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Bascule bridge wins award

Heritage prize months after rusty old heap gets new life span

Published on April 11th 2011.

Bascule bridge wins award

THE bascule bridge on Regent Road won a restoration award last month, its owners announced today.

The 78-year-old bridge, or, according to Peel Holdings which owns it, “The Peel Bascule Bridge”, won a prize at the the Historic Bridges & Infrastructure Awards held on March 31.

The bridge, which spans the Leeds Liverpool Canal at Stanley Dock, was closed for inspection and repair in May 2008 and subsequently condemned due to natural corrosion. Peel and Liverpool Council’s Heritage and Highways departments worked to find a solution to safeguard this landmark - which sits on an important north-south link on the city's bounciest of shock-absorber-testing roads.

The bridge is the only surviving example of a rolling bascule lifting bridge in Liverpool and is an integral feature of the Stanley Dock Conservation Area and the World Heritage designation.

In addition to repairs and replacement of parts of the steel structure, the timber engine house on top of the bridge has been given a new natural slate roof and aluminium rainwater pipes making it a key feature of the overall design. The motorised equipment has been retained inside the engine room and the bridge has been painted in its original colours.

The bridge was officially re-opened to the public on 25th August 2010 by Liverpool City Council Leader Joe Anderson.

Ian Pollitt, development investment surveyor at Peel, said, “We are

delighted to have won this award. We have worked extremely hard to ensure the restoration works were in fitting with the heritage of the bridge and are delighted that this has been recognised.”

The Historic Bridge and Infrastructure Awards is like the Oscars, but for bridges.

Set up by County Surveyors Society, English Heritage and The Institution of Civil Engineers Panel for Historical Engineering Works to “recognise and encourage excellence and innovation in conservation”. Or, as they might say when the env

Nominations were invited for projects involving bridges, aqueducts, tunnels, and other transport-related structures such as retaining walls, locks, wharves and large station roofs, but excluding buildings. That's a whole world of serious stuff.

Or, as they might say when the winners' envelope is about to be torn open: "The suspension is killing us".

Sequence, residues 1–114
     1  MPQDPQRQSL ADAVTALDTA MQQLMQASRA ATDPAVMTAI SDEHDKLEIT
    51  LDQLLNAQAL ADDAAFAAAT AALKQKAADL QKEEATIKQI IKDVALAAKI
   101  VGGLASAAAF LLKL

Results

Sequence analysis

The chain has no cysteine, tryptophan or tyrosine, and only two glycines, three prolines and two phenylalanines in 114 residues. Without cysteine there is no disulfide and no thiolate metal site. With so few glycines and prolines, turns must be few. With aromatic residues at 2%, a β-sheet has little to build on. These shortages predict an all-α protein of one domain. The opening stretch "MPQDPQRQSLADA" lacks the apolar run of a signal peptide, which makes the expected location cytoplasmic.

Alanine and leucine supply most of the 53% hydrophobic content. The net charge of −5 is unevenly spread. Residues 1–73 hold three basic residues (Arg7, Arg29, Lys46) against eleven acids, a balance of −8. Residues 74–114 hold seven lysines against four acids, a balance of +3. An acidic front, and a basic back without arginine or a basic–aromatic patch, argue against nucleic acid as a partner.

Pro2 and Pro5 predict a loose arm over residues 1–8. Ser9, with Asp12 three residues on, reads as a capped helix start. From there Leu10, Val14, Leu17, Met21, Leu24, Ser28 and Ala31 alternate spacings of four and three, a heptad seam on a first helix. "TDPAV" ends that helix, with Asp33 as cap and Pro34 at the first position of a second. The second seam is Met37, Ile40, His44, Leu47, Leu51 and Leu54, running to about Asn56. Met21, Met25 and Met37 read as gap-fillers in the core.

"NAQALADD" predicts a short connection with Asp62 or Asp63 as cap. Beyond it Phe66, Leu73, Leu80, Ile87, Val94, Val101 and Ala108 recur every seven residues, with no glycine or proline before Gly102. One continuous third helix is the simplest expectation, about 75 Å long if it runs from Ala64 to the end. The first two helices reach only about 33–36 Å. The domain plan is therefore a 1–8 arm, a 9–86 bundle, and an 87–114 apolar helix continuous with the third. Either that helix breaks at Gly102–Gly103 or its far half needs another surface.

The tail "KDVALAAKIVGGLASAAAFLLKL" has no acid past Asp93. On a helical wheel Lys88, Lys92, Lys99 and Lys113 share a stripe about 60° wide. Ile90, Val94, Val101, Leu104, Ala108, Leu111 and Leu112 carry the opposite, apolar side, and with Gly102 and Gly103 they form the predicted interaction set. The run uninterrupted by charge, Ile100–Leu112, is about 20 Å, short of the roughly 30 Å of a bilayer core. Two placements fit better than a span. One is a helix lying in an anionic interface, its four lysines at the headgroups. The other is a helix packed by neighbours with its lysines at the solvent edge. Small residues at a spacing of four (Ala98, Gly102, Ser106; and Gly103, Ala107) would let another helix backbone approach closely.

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8 comments so far, continue the conversation, write a comment.

Cocky WatchmanApril 12th 2011.

Congratulations to Peel Holdings for winning this award.

Now, when are they *actually* going to break the ground on some of these grandiose development projects that will generate thousands of jobs they've been promising for years?

The press and politicians are wetting themselves with anticipation of these developments that will - we are told - resemble New York and Shanghai; but has a single spadeful of earth been moved yet?

PeelerApril 12th 2011.

What about the three-and-a-half star hotel in the Victorian hydraulic tower in the planned 'Wirral Waters' scheme that the local press reported as definitely happening three or four years ago?

Has there been any progress so far?

2 Responses: Reply To This...
Starving GourmetOctober 5th 2013.

That Peel Holdings recieved approval to build a restaurant in the hydraulic tower was reported in The Estates Gazette of 17.5.2008, Issue 819, p41-41. That was over five years ago. How many more years do we have to wait?

MancunianOctober 13th 2013.

Forever? www.bbc.co.uk/…/uk-politics-24512532…

Ken T. LeverApril 12th 2011.

I must say that the puns in this article are very arch. Humpback or not the author ought to be elevated to a pier of the realm like the clappers. Were piles required?

City DeskJuly 28th 2011.

It is to Peel Holdings credit that they restored it. They could have tried to get rid of it quoting "corroded beyond possible repair" or some other excuse.

Suz PensionOctober 12th 2011.

If it's good enough for them to own it, it's good enough for them to maintain properly.

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